Center for Community Solutions

Changes to regulations of the Supplemental Nutrition Assistance Program (SNAP) will soon take away benefits for thousands of Ohioans.

At least 29 counties are losing access to a waiver that makes the benefits more accessible. In those counties alone, about 20,000 people will lose food assistance benefits completely, said Loren Anthes, public policy fellow for the Center for Community Solutions.

A job application with a pen.
Flazingo / Flickr

Advocates are worried about the process that will eventually require thousands of Ohioans in Medicaid expansion to work 20 hours a week or lose their benefits, which the state got permission to impose earlier this year.

Maureen Corcoran is sworn in as Ohio Medicaid director by Gov. Mike DeWine in January.
Ohio Medicaid / Twitter

Ohio residents who will face work requirements to continue receiving Medicaid health care coverage won't lose their benefits until after they have spoken to a caseworker, according to a proposed state plan.

doctor
Pixabay

The House budget made no big moves on Medicaid or Medicaid expansion – which is a departure from the last budget, as lawmakers created restrictions and former Gov. John Kasich vetoed many of them.

The U.S. Supreme Court heard oral arguments Tuesday on a citizenship question proposed for the 2020 census.

The court's ruling could affect Ohio in several ways. 

The state is expected to lose a congressional seat and an electoral vote after the 2020 Census, due to population declines. Those seats are apportioned on the basis of all residents in a state, not just citizens.

In 1985, Darrick Wade was living in Lakeview Terrace on Cleveland’s near west side with his family when he first started noticing something was off with his son, Demetrius.

"When he was about two years old, I believe he had an episode of an attack of the lead, that toxin," Wade said. "Because he shook a chair real angrily, and I didn’t understand where that anger came from at such a young age."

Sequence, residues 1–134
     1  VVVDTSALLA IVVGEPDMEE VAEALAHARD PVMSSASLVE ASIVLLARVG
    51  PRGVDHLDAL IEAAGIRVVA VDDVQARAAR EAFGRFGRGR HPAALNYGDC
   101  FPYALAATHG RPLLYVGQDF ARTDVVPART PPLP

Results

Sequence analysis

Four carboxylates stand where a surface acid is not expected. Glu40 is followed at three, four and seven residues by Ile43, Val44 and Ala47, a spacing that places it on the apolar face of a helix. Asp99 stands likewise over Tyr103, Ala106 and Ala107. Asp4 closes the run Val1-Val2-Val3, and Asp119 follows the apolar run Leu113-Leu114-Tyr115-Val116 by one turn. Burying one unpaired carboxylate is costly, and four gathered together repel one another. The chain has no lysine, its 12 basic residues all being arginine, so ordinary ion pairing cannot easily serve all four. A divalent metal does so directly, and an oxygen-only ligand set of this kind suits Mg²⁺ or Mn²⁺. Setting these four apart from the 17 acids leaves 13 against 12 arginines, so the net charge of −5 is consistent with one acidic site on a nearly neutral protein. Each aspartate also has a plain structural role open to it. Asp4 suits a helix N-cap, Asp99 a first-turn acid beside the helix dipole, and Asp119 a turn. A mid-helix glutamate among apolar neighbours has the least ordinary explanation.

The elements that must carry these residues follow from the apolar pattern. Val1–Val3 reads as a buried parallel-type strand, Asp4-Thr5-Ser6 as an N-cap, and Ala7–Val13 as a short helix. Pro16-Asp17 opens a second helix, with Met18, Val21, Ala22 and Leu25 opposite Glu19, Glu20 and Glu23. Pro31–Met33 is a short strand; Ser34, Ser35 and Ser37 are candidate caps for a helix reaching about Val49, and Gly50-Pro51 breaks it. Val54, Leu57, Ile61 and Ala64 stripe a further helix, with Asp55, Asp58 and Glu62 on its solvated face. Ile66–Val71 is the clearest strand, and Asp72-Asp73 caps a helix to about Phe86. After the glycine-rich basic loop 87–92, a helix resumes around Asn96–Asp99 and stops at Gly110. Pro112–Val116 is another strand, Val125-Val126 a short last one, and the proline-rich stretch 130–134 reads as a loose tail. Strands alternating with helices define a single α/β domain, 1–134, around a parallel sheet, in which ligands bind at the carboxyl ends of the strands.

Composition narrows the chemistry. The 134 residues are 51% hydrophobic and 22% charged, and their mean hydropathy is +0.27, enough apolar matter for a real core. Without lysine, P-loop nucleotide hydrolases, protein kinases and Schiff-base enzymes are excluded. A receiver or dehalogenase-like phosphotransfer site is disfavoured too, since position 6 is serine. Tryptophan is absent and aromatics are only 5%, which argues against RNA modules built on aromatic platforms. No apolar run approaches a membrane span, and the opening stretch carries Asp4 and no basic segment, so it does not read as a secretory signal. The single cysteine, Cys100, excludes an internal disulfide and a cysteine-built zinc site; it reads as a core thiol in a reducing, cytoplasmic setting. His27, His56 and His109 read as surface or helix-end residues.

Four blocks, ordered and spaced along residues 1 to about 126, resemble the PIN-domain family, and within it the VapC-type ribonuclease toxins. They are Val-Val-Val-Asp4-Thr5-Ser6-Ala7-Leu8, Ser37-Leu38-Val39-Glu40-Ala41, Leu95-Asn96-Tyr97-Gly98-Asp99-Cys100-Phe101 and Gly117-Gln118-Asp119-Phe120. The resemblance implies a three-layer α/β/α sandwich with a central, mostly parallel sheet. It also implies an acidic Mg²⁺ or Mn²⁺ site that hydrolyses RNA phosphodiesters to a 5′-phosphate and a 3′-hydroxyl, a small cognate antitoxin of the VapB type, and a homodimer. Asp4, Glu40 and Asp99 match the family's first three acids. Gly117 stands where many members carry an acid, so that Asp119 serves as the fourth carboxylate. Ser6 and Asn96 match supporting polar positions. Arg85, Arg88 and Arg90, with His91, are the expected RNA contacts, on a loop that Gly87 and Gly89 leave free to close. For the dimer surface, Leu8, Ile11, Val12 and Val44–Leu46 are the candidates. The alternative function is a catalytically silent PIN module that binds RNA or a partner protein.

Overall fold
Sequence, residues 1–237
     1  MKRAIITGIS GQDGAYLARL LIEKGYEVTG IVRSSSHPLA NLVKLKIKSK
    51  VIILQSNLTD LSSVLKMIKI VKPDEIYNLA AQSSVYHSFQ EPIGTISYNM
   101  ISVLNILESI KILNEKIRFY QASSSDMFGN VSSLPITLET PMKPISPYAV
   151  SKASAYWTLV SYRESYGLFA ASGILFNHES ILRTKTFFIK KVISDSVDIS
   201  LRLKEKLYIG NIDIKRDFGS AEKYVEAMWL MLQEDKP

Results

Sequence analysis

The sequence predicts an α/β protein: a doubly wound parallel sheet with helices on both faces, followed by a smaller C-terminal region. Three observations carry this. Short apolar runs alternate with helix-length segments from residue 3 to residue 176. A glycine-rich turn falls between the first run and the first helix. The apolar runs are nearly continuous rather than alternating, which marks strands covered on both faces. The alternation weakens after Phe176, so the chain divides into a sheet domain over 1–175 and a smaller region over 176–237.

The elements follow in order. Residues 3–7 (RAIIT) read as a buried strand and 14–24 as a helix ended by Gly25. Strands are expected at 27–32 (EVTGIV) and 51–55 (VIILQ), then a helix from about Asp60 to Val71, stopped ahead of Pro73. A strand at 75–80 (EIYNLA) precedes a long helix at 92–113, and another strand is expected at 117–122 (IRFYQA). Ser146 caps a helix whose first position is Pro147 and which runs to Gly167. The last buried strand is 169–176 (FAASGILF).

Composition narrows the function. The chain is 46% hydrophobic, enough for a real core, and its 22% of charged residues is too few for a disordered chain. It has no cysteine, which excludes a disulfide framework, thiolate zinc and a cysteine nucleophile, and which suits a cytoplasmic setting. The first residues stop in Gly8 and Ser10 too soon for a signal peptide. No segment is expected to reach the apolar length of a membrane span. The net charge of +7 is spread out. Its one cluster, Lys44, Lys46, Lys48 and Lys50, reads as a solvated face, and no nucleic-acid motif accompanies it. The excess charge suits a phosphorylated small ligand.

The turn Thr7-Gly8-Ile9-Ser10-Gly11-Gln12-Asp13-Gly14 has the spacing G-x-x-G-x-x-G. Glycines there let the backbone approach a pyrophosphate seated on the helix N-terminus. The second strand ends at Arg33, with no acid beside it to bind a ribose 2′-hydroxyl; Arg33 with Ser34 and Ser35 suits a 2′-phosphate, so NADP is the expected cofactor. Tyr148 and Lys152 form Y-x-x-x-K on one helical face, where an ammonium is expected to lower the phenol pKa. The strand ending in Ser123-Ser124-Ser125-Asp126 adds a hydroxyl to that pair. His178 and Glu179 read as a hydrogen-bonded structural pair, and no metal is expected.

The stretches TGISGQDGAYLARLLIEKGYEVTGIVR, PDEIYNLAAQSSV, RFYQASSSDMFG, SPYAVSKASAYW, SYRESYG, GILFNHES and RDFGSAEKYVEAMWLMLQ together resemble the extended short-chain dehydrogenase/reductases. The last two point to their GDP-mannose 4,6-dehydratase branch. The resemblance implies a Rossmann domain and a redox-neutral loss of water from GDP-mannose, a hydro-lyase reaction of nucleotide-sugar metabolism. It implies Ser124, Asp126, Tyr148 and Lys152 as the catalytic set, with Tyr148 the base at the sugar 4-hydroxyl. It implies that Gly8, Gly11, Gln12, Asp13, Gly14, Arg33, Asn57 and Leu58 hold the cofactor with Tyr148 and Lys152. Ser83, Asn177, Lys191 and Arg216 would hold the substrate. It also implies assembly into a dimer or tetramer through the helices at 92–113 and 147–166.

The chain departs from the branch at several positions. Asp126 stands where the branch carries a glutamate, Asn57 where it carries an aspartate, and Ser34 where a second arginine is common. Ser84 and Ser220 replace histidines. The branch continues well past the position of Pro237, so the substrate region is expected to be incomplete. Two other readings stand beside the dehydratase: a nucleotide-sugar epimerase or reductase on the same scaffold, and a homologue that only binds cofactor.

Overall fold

A jug of used needles to exchange in Camden, N.J., on Oct. 29, 2015.
Mel Evans / Associated Press

A new report by The Center for Community Solutions shows that programs that get used syringes off the streets in Ohio have more than doubled in the last three years.

Erik Drost / Flickr

Ohio officials have added 11 more counties for exemptions from work requirements under the food assistance program known as SNAP.

Charles Barilleaux / Flickr

While Ohio will allow some counties out of work requirements for food assistance, the state's policy means that most African-Americans recipients will not be exempt.

Mike DeWine and Richard Cordray
Associated Press

Ohio’s governor race has put a spotlight on Medicaid expansion, which provides health insurance for some 700,000 Ohioans. Now the debate as turned to who’s actually in that population.

Valeri Potapova / Shutterstock

With the blessing of the Trump administration, Ohio is looking into imposing work requirements on able-bodied Medicaid recipients. Last week, a healthcare advocacy group delivered hundreds of letters to the state Medicaid office to express their opposition to the plan.

Center for Community Solutions researcher John Begala
Jo Ingles / Ohio Public Radio

A study released in 2016 showed rural areas are disproportionately poor, uneducated and pay relatively high costs for crime and disability because of the loss of good jobs, local businesses and opioid abuse. But there’s an idea being floated to establish a special state fund for those rural counties.

House Minority Leader Fred Strahorn (D-Dayton).
DAN KONIK

The proposal from Congressional Republicans to repeal the Affordable Care Act would dramatically cut funding to Medicaid, and Medicaid expansion in particular. That’s the looming issue as lawmakers try to move forward with the state budget.

Nurse call button on a hospital bed
Pixabay

The proposed repeal of the Affordable Care Act could cost Ohio as much as $8.5 billion over the next eight years, according to a report out this morning from a statewide research group.

Pixabay

A statewide think tank that studies health, education and economic issues is presenting data on Ohioans in a new way: taking district-specific data directly to state lawmakers.